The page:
A debenture is a fixed income
financial instrument which pays regular interest
and has a set maturity date. In most respects it is like a bond
, and the term bond is often used to mean both bond and debentures. The main difference between the two is that a bond
is secured against a specific asset of a company or government, while a debenture is secured only against the general credit
of the issuer. (In North America
, anyhow.) So if the issuer were to go under, a debenture would be a less protected investment than a bond.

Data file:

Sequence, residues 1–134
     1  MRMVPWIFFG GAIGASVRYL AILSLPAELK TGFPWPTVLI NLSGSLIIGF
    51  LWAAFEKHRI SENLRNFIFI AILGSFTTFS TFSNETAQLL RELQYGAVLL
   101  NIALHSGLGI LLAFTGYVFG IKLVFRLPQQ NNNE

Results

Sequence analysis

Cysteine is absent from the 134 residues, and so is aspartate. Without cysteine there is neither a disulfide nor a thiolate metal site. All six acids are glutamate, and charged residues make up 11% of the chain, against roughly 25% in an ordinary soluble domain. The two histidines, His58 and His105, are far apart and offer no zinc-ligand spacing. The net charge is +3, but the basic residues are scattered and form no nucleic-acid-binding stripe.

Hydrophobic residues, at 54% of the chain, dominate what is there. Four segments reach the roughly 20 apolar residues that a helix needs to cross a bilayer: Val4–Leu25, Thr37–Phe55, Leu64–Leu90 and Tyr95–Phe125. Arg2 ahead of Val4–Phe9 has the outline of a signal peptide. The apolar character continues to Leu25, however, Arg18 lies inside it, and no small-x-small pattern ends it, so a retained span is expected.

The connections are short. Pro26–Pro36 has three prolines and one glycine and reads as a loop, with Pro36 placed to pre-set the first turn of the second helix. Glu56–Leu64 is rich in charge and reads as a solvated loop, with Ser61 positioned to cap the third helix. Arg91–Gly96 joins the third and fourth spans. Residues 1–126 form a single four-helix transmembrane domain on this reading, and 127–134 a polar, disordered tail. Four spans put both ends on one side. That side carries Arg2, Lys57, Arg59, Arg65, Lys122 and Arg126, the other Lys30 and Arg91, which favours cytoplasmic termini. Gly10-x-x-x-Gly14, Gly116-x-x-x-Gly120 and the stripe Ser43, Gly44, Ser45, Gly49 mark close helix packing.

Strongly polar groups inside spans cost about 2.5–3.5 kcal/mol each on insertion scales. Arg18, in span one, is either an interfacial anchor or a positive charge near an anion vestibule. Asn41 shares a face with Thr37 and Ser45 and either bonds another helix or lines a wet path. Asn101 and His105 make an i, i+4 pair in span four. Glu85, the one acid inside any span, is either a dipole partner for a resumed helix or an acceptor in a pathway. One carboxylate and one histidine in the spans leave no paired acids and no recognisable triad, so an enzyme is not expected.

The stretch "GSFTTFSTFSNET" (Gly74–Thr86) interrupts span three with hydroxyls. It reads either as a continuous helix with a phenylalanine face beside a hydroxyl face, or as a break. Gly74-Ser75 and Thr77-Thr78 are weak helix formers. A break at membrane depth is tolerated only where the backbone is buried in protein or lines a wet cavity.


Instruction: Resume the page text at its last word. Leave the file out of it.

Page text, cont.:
In practice, this is only really a concern with corporate debentures - most governments are unlikely to go under (and if they do, you have more serious problems than worrying about your investments), and even if they do find themselves short on cash, they have the power to levy taxes or print more money to pay them off. Of course, the government would have to be really desperate to do that, since it would depress their economy and send their currency's inflation sky-high, making foreign investors very unwilling to invest in them, but that the power exists means that most government debentures are considered fairly secure.